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Smaller watches are the biggest timepiece trend of 2023

At the recently concluded Watches and Wonders fair, a new trend emerged: timepieces below 40mm

A showcase at the Rolex booth on the opening day of luxury watch fair 'Watches and Wonders Geneva', on March 27, 2023 in Geneva. (Photo by Fabrice COFFRINI / AFP)
A showcase at the Rolex booth on the opening day of luxury watch fair 'Watches and Wonders Geneva', on March 27, 2023 in Geneva. (Photo by Fabrice COFFRINI / AFP)

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Last month at the Watches and Wonders, the annual luxury watch fair in Geneva, a new trend emerged. More than a dozen brands welcomed new product lines in small sizes or reduced versions of existing popular wristwatch models. The new watches were below 40mm—even for brands that traditionally opted for huge timepieces. 

In 2017 when auction house Phillips in Association With Bacs & Russo sold Paul Newman’s 1964-made Rolex Daytona ref. 6239 for a record $17.7 million, a vintage obsession started that’s yet to subside. The Rolex Daytona timepiece was 37mm, making smaller watches cool again, as reported by Bloomberg

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With smaller watches becoming mainstream, it’s no surprise that many vintage revivals were introduced at Watches and Wonders, in diameters ranging from 32mm to 40mm. For instance, TAG Heuer’s Glass Box Carrera Chronograph is now 39mm. Inspired stylistically by the original Carreras from the 1960s, it ranged from 36mm at the beginning to 40mm for more recent models.

Tudor unveiled a Black Bay 54 diver’s watch with elements from the 1954 original, including its 37mm size. Chopard’s 36.5mm L.U.C 1860 is modelled after an original 1997 timepiece. The 1980s cult favourite Cartier Pasha was introduced in a 35mm version this year, as reported by Bloomberg

This year, IWC honoured its Ingenieur line and reissued the timepiece created by design maestro Gerald Genta in 1976, in its original 40mm size. This watch was considered so huge at the time that it was nicknamed the Jumbo.

At the fair, Piaget introduced a 36mm “unisex” version of its Polo Date, scaled down from the standard 42mm. It was meant to “encapsulate today’s mood,” according to a press release. Furthermore, even pilot’s watches, which are generally big, are reducing in size. Zenith also introduced one in 40mm this year.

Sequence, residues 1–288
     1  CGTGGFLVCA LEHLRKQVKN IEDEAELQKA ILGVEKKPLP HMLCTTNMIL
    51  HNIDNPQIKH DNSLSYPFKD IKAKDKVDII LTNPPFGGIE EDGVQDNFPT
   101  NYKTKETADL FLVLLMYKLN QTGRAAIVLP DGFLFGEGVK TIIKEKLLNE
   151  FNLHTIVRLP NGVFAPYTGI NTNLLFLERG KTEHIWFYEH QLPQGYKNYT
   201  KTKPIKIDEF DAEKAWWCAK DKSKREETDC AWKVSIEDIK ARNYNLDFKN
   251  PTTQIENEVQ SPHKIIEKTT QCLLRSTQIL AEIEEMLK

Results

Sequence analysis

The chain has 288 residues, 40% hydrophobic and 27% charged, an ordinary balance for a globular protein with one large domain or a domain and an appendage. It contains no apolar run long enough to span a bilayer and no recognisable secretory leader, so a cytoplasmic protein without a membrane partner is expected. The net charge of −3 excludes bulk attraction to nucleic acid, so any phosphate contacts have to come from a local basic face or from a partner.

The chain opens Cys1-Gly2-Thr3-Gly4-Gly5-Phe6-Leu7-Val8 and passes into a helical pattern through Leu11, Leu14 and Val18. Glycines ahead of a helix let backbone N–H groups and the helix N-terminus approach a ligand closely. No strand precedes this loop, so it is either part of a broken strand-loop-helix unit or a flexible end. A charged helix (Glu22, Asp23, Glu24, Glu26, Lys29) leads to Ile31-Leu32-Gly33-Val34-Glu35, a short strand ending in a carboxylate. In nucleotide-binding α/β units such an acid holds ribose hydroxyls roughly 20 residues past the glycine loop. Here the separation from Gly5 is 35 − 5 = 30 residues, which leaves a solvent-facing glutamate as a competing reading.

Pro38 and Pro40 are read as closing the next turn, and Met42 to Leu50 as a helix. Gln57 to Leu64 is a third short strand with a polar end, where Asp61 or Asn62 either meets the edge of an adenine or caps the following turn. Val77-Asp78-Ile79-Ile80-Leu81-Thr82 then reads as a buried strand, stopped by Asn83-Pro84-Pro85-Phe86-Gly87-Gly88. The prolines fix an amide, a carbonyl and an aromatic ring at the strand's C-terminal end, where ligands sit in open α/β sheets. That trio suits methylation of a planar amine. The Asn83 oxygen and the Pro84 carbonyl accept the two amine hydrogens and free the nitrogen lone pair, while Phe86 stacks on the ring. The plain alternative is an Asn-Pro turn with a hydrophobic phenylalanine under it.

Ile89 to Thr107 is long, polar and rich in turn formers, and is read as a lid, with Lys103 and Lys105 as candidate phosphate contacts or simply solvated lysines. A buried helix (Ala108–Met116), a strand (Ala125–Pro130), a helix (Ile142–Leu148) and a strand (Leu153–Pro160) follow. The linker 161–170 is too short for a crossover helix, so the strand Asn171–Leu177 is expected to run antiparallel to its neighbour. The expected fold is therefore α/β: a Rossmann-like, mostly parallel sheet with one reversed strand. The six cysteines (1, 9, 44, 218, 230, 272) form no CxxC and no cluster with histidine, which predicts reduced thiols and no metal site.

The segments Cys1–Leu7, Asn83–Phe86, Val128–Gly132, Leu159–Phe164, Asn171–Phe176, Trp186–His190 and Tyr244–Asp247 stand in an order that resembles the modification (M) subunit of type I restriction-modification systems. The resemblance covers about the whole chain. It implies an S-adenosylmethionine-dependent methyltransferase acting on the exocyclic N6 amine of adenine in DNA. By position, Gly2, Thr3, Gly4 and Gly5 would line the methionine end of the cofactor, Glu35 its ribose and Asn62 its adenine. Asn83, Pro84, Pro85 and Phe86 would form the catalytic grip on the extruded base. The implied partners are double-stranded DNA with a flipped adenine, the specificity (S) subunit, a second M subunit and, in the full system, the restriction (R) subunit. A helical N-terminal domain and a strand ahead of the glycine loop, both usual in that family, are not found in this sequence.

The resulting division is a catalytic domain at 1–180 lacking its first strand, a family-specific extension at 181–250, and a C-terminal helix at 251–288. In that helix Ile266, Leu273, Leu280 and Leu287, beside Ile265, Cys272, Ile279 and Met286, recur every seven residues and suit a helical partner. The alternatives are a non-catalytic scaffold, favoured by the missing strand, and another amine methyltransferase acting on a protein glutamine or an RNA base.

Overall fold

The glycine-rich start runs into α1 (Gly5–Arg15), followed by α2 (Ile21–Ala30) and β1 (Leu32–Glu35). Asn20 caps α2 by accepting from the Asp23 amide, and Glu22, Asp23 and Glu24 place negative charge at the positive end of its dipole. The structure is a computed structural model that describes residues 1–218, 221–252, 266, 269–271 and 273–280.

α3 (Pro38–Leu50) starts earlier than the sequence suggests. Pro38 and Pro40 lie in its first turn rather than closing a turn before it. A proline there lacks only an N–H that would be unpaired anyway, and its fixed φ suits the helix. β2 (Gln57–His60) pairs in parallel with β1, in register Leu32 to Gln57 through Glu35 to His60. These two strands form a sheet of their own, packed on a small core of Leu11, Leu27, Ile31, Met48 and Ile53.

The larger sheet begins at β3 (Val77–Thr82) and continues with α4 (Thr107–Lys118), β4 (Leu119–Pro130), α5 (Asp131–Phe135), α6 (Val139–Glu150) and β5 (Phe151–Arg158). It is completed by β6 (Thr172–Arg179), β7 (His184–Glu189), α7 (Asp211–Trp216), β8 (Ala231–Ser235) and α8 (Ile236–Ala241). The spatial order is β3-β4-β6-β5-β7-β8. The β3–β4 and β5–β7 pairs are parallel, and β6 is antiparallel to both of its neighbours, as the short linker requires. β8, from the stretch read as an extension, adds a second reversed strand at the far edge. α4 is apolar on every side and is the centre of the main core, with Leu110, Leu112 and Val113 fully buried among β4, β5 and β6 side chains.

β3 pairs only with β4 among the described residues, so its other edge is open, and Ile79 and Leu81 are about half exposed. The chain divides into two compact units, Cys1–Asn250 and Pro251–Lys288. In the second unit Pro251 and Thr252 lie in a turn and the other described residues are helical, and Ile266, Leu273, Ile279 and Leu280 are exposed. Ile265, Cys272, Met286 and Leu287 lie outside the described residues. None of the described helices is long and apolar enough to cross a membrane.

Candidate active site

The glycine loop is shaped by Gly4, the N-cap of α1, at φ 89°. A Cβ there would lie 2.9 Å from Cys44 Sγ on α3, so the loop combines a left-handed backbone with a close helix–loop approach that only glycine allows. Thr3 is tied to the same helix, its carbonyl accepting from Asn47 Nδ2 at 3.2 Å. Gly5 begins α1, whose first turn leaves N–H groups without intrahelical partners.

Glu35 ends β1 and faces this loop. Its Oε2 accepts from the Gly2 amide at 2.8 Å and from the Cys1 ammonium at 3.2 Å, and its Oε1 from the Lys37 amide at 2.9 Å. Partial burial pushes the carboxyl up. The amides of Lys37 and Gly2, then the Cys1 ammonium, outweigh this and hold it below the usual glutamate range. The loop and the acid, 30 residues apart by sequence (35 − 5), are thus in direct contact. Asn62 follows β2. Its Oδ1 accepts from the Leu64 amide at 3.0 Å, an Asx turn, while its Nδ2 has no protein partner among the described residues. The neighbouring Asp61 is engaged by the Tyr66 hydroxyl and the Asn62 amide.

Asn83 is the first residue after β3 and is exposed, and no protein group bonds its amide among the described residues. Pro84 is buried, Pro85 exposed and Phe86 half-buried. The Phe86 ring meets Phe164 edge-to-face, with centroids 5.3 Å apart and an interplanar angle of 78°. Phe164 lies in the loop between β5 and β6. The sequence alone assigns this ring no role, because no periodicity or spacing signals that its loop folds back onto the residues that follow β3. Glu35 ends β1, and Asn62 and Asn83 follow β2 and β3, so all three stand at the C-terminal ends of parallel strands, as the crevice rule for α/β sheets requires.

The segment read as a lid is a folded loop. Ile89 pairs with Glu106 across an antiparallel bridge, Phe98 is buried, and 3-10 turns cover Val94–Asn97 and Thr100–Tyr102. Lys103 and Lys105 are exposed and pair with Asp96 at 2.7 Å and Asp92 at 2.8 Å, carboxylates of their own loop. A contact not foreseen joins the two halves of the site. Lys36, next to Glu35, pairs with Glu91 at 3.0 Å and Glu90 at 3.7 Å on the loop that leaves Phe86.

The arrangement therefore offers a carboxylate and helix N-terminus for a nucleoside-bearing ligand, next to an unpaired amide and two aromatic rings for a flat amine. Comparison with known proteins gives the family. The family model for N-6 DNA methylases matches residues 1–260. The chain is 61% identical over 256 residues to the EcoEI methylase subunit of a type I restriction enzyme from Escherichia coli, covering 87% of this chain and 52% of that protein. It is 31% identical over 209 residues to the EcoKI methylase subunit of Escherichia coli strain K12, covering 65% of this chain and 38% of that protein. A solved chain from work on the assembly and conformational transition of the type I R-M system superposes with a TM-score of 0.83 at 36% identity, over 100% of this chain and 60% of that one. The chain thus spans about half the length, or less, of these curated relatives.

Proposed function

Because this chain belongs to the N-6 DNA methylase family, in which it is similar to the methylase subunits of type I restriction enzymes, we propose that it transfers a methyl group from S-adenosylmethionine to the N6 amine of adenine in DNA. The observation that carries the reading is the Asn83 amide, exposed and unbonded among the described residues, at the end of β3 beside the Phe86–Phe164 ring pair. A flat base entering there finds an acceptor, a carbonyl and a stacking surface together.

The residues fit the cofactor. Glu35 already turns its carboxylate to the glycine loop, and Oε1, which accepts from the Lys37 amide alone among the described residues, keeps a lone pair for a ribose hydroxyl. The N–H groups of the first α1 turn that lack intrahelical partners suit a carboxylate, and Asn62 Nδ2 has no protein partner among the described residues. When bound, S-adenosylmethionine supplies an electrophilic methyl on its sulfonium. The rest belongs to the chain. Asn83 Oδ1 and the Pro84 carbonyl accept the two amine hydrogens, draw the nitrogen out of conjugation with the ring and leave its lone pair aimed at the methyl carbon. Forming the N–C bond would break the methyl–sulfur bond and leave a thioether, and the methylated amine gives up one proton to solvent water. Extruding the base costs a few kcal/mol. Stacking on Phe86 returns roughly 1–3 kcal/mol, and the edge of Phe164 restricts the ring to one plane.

New watch models are scaling down. Hublot Big Bang’s flagship collection which helped start the big-watch trend in the 1990s topped out at 45mm, as reported by Bloomberg. This year a new version of the Spirit of Big Bang premiered in 32mm and surprise, it’s not tagged as a ladies’ piece.

For some brands, reducing the size to 40mm means more than coming down from 41mm or 42mm. For instance, Panerai’s average size is 45mm, and it often makes 47mm watches.

“We are the world leader in big watches, but the Radiomir Quaranta is a new classic for Panerai, one that both women and men can wear,” Chief Executive Officer Jean-Marc Pontroué told Bloomberg. “Last year we launched the Luminor Quaranta [40mm], and it was a great success. We found that 60% of buyers were men, and 40% ladies, which we were not expecting.”

The shift to smaller sizes is partly because of a new wave of collectors, says Danny Govberg, chairman of preowned-watch giant WatchBox, “It isn’t just a love of vintage,” he tells Bloomberg. “It’s driven by the next generation of buyers. People like my son want a watch that’s more wearable than what my generation is used to.”

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Some brands have abandoned the age-old tradition of categorising watches as either men’s or women’s and are moving ahead with a new sense of gender neutrality. Searches can instead be according to size, materials and style.

Men are wearing what used to be defined as ladies’ watches WatchBox CEO Justin Reis told Bloomberg, a difference that was often limited to size. “They want something more elegant, more refined,” Reis says. “Which doesn’t mean they want something lightweight in terms of substance. They still want complications, they just want them to be smaller.”

Talking about the preference for smaller watches, Parmigiani Fleurier CEO Guido Terreni told Bloomberg, “I don't think a big statement in boldness is considered very refined anymore.”




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